Russia’s guided-missile cruiser Moskva, the flagship of Russia’s Black Sea fleet, has sunk in the Black Sea after being damaged during the military operation in Ukraine, Russia’s Defense Ministry said late on April 14.
The ministry said the vessel sank while being towed to port in a storm after it was heavily damaged by fire. Ukrainian officials said their forces hit the vessel with missiles earlier in the day.
“The vessel lost its balance due to damage sustained in the hull as fire broke out after ammunition exploded,” TASS quoted the ministry as saying. “Given the choppy seas, the vessel sank.”
The loss of the warship named for the Russian capital was seen as a symbolic defeat for Moscow, which had already been forced to pull its forces back from northern Ukraine earlier this month.
The Moskva could carry 16 long-range cruise missiles, and its loss will greatly reduce Russia’s firepower in the Black Sea.
Russia’s Defense Ministry said earlier that a fire on the Moskva caused ammunition to blow up, and its crew had been evacuated. It denied there had been an attack on the ship.
But Maksym Marchenko, the Ukrainian governor of the region around the Black Sea port of Odesa, said the ship had been hit by two Ukrainian-made Neptune anti-ship cruise missiles.
Ukraine said it launched the cruise missile strike amid expectations Moscow is shifting its focus in the war to the east as fierce fighting continues to batter the port city of Mariupol where the defenders were still holding out.
The sinking of the warship is a “big blow” to Russia’s naval strength in the Black Sea, Pentagon spokesman John Kirby said.
“This is…a key part of their efforts to execute some sort of naval dominance in the Black Sea,” he told CNN.
Emboldened by the development, Ukrainian President Volodymyr Zelenskiy again appealed for Western countries to ship more weapons.
“We are not afraid of anything, because we know what we are fighting for,” Zelenskiy said on Twitter. “We have enough courage to put an end to evil. Stop feeding the [Russian] military machine. Help [Ukraine] with weapons. Then peace and good will win much faster.”
Russia accused Ukrainian forces of launching air strikes on the Russian region of Bryansk on April 14, injuring civilians. Russia’s Investigative Committee alleged that two Ukrainian military helicopters entered Russia’s air space and carried out air strikes on residential buildings in the village of Klimovo.
National Security and Defense Council of Ukraine (RNBO) rejected the accusations, calling them “an attempt to ignite anti-Ukraine hysteria in Russia.”
In nearby Mariupol, heavy fighting was reported as Russia tries to seize full control of the strategic city, which if true would be the first city Moscow has been able to capture since it launched the war on February 24.
Russia has said that more 1,000 Ukrainian marines surrendered over the past 36 hours, but Ukrainian military officials have not confirmed the reports, saying only that Ukrainian forces were joining up in the city to continue defending it.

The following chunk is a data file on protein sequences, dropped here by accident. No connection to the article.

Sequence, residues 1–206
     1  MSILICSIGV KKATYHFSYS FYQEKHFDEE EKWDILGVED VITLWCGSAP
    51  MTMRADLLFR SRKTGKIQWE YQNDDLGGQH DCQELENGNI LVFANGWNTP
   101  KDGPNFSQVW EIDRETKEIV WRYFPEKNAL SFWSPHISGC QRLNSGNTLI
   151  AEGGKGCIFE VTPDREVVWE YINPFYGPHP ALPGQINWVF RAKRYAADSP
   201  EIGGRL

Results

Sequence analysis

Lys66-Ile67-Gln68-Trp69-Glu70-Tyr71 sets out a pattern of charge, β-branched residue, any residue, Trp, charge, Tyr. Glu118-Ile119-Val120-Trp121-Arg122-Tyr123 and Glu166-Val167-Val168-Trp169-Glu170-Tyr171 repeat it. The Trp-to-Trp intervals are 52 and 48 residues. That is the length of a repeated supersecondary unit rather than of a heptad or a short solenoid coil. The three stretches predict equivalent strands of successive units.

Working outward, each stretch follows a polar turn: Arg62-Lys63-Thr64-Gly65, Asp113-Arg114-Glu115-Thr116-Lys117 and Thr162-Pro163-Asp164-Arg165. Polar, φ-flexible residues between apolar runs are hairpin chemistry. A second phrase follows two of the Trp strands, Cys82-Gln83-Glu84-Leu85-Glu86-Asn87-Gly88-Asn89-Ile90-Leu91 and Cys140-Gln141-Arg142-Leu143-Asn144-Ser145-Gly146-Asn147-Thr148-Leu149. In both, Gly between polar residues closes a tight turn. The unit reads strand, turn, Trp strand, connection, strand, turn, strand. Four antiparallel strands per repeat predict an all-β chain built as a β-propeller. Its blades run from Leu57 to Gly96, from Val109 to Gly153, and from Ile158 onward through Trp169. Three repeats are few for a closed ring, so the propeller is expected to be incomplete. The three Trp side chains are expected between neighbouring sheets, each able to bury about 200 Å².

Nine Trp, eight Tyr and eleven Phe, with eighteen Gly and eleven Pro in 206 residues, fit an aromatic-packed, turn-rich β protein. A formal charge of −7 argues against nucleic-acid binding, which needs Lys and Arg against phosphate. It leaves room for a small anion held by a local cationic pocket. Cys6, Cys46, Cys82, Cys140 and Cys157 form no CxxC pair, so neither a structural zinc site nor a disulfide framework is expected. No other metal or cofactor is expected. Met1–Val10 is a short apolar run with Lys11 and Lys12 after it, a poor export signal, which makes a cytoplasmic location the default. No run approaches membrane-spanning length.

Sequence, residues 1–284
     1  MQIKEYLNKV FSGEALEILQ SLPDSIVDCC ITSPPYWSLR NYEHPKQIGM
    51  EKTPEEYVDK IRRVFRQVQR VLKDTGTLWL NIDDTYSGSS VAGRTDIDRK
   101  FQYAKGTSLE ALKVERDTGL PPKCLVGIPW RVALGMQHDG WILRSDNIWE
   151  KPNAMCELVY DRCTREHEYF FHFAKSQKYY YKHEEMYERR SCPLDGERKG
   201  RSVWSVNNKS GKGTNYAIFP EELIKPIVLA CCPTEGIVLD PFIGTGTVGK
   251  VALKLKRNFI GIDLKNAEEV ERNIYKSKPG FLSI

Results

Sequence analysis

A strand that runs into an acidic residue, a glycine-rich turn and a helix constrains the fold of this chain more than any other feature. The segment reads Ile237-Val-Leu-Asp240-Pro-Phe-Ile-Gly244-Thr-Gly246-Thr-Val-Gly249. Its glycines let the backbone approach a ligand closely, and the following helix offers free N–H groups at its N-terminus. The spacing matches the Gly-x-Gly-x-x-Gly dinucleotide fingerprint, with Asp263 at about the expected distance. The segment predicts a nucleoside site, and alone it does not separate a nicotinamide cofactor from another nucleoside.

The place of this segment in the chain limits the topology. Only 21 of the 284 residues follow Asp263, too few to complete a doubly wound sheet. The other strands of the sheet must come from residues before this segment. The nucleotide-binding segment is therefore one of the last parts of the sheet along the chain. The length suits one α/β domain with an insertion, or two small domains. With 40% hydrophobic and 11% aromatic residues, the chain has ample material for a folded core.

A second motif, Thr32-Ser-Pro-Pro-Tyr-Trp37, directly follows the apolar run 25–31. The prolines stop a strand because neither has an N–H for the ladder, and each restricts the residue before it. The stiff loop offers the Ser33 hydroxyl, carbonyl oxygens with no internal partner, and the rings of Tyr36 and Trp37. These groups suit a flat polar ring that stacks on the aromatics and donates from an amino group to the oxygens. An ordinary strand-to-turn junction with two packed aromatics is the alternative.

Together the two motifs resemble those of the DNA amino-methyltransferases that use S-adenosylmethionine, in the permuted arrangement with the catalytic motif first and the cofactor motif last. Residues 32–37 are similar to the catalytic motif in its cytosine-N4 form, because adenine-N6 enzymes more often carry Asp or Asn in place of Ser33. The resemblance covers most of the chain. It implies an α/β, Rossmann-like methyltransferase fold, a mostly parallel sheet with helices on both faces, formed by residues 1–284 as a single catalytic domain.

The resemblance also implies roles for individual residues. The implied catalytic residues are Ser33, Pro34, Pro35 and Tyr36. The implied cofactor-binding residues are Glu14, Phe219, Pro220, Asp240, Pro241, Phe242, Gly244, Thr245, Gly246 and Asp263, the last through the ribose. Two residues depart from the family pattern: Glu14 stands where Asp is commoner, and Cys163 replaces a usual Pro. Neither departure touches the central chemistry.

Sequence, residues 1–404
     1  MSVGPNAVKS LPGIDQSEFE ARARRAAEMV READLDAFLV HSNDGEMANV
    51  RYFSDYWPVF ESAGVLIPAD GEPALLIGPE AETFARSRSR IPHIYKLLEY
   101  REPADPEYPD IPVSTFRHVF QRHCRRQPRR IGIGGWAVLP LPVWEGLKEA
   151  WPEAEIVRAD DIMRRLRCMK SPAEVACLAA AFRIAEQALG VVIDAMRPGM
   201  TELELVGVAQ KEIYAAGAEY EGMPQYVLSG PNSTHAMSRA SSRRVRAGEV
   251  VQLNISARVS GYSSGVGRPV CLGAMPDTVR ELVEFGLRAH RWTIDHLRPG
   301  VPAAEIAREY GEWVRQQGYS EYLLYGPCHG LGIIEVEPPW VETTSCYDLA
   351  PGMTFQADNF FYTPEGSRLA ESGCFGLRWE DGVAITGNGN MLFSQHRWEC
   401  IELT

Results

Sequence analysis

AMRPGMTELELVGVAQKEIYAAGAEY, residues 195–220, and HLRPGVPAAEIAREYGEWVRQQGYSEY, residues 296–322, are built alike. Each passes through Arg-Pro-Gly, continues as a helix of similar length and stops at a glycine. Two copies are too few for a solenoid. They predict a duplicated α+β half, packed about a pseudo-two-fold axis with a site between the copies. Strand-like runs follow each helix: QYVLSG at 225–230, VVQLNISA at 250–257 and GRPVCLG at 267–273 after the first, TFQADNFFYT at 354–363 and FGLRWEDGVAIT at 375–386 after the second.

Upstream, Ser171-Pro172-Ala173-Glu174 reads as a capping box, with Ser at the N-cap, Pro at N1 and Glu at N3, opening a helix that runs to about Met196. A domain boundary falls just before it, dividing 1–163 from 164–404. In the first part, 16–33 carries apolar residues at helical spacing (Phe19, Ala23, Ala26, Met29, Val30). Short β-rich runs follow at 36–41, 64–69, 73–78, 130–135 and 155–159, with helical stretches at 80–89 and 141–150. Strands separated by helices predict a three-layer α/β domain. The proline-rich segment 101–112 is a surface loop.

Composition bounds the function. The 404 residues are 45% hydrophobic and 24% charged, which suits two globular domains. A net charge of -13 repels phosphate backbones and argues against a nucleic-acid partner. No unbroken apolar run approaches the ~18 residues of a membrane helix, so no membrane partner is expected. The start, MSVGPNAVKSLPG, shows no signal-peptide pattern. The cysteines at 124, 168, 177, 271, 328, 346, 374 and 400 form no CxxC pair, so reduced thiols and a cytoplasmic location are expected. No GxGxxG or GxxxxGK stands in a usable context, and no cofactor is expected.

Mariupol has emerged as a key battleground as it would give Russia a land corridor between separatist-held eastern areas and the Crimea region it seized and annexed in 2014. It would also free up troops engaged there to help in a wider assault in the south and east of Ukraine.
As the fighting raged, Ukrainian Deputy Prime Minister Iryna Vereshchuk said nine humanitarian corridors had been agreed upon with Russia to allow for the evacuation of civilians from several cities, including Mariupol, on April 14
Vereshchuk also said that a new prisoner swap had been agreed with Russia and that, in total, 30 Ukrainians would be going home on April 14.
Russia’s war on Ukraine has been widely criticized, with the international community imposing crippling sanctions on Moscow while at the same time isolating it diplomatically. U.S. President Joe Biden said on April 13 that the conflict amounted to genocide.
Ukraine’s parliament backed a resolution on April 14 recognizing the actions of Russian forces as genocide — defined by the 1948 United Nations Genocide Convention as crimes intended “to destroy a national, ethnic, racial or religious group, in whole or in part.”
The Russian Army’s actions “are not just a crime of aggression, but pursue the goal of the systematic and consistent destruction of the Ukrainian people,” the text of the resolution said.
Irish Foreign Minister Simon Coveney was visiting Kyiv on April 14 to focus on how Dublin can continue to provide political, security and humanitarian support to Ukraine, assist Kyiv in its application for European Union candidate status, take forward further EU sanctions on Russia, and “hold Russia to account for its brutal and unjustified invasion.”
The war has also raised security concerns in other countries in Europe, with Sweden and Finland saying on April 13 that it could be only a matter of weeks before they apply to join the NATO security alliance.
Dmitry Medvedev, deputy chairman of Russia’s Security Council and one of President Vladimir Putin’s closest allies, warned on April 14 that such a move by the two Nordic countries would end the concept of a “nuclear-free” Baltic region.